USDA on Wednesday announced that the United States and Hong Kong have agreed on new terms and conditions that pave the way for expanded exports of U.S. beef and beef products to Hong Kong.
Under the new terms, Hong Kong will permit the import of the full range of U.S. beef and beef products, consistent with access prior to December 2003. The new terms became effective June 17.
"This is great news for American ranchers and beef companies," USDA Secretary Tom Vilsack said. "Hong Kong is already the fourth largest market for U.S. beef and beef product exports, with sales there reaching a historic high of $823 million in 2013.
"We look forward to expanded opportunities there for the U.S. beef industry now that all trade restrictions are lifted," he added.
In December 2003, Hong Kong banned U.S. beef and beef products following the detection of a bovine spongiform encephalopathy-positive animal in the United States.
In December 2005, Hong Kong partially reopened its market to allow imports of deboned U.S. beef from cattle aged 30 months or younger produced under a special program for Hong Kong and expanded access to include certain bone-in cuts from cattle less than 30 months of age in February 2013.
Earlier this year, Mexico, Uruguay, Ecuador and Sri Lanka also lifted their longstanding restrictions to provide full access for U.S. beef and beef products.
The recent changes come as the World Organization for Animal Health last year granted the United States negligible risk status for BSE.
"Cattle producers had a major victory in Paris last year, when the World Organization for Animal Health upgraded our risk status to negligible risk, the lowest risk standard, recognizing our strong commitment to beef safety," said Bob McCan, National Cattlemen's Beef Association President. "And we applauded the USDA/APHIS in the finalization of the comprehensive BSE rule, which showed our trading partners and the world that we stand behind internationally-accepted science. This has brought the U.S. beef industry to the point now where we are exporting more than $6 billion of beef annually.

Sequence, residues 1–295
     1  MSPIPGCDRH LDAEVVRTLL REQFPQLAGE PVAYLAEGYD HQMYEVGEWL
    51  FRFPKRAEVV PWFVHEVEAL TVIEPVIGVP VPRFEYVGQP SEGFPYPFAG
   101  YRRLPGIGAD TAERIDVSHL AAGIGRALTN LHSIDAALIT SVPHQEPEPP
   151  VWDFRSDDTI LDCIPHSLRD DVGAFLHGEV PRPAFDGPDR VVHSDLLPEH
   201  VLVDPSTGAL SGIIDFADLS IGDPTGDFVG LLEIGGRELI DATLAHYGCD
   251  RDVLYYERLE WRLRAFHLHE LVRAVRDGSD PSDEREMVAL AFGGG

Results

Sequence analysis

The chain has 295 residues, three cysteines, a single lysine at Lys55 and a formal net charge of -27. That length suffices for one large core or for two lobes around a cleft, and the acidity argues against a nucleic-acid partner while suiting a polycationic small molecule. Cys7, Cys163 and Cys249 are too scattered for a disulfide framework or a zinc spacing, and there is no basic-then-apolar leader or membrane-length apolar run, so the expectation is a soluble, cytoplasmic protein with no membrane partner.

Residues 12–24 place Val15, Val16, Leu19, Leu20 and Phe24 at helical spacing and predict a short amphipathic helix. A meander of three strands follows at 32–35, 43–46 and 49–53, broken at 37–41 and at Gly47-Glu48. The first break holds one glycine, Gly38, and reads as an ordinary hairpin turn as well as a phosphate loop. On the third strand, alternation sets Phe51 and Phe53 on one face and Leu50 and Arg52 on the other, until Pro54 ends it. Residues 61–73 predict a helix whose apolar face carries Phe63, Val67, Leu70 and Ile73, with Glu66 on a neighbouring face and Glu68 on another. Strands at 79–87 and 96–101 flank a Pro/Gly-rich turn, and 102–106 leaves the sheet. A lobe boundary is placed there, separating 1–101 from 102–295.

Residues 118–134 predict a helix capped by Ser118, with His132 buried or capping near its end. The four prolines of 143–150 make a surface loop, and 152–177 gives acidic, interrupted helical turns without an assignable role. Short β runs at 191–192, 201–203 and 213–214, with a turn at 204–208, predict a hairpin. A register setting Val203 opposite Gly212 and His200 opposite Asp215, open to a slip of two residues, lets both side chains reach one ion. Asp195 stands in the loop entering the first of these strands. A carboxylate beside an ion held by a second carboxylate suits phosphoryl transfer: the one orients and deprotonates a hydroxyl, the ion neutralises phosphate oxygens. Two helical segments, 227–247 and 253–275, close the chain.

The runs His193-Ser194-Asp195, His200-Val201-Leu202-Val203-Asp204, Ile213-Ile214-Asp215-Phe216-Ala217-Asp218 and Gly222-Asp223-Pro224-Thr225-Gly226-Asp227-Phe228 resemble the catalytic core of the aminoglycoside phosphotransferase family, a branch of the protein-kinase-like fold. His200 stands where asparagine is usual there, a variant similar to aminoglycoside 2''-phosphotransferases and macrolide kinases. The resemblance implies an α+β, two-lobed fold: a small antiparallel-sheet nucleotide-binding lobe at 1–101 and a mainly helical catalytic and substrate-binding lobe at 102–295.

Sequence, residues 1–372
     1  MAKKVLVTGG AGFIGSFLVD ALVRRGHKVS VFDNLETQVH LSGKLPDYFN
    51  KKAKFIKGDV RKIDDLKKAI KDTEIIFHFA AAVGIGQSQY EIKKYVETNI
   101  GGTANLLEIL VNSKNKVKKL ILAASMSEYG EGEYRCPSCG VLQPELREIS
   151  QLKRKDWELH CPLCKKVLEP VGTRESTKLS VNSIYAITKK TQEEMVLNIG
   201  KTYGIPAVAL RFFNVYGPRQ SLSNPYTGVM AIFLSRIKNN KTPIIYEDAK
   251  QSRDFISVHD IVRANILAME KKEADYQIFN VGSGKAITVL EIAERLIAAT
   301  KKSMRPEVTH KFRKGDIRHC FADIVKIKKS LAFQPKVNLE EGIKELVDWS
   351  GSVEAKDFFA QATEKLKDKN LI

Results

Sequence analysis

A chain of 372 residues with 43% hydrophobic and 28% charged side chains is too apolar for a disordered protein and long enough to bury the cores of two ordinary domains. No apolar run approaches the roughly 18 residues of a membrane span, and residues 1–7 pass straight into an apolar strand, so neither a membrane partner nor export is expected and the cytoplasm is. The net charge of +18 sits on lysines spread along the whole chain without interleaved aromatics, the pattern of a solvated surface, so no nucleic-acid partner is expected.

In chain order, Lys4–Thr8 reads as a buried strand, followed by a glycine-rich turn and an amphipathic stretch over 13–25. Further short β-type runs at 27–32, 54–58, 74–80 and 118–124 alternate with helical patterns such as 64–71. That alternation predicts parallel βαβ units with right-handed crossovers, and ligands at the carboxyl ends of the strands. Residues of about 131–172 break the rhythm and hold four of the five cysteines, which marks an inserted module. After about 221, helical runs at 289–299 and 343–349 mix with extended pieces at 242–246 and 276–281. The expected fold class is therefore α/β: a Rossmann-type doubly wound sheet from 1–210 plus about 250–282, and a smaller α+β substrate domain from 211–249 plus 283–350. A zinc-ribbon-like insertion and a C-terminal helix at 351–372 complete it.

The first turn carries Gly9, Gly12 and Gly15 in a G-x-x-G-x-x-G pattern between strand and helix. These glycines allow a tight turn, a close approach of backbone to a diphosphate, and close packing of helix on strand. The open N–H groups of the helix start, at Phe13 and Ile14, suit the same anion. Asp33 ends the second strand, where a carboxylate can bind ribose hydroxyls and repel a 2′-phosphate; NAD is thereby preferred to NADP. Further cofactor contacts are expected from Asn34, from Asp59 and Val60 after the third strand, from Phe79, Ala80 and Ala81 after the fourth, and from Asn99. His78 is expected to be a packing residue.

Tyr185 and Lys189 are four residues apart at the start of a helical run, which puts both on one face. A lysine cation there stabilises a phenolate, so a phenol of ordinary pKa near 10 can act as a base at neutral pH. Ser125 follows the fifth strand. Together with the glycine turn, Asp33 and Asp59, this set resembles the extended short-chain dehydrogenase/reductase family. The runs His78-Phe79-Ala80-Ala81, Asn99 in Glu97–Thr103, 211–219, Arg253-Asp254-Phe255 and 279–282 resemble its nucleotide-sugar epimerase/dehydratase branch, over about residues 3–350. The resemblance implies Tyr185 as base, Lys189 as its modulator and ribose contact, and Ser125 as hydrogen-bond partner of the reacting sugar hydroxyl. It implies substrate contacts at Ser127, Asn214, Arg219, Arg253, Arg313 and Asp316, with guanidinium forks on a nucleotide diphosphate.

"The strong system of interlocking safeguards and protocols our industry put in place over 10 years ago have assured consumers, both domestically and abroad, of the safety of our product," McCan said.
Experts in the United States and countries around the world have confirmed that U.S. beef is safe, with extremely low risk of BSE. There has never been a recorded case of BSE transmission to a human through American beef.
While Hong Kong is officially part of China, it serves as its own customs and quarantine administration zone and so maintains its own rules and regulations.
In the first four months of 2014, Hong Kong has already imported more than $307 million worth of U.S. beef.